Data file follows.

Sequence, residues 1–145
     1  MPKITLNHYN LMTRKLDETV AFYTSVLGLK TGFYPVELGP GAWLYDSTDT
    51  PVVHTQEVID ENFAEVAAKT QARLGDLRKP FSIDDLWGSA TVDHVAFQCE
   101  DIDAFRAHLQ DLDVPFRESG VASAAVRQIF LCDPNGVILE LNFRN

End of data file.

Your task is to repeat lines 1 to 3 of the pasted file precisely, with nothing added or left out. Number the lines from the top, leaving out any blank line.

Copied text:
Sequence, residues 1–145
     1  MPKITLNHYN LMTRKLDETV AFYTSVLGLK TGFYPVELGP GAWLYDSTDT
    51  PVVHTQEVID ENFAEVAAKT QARLGDLRKP FSIDDLWGSA TVDHVAFQCE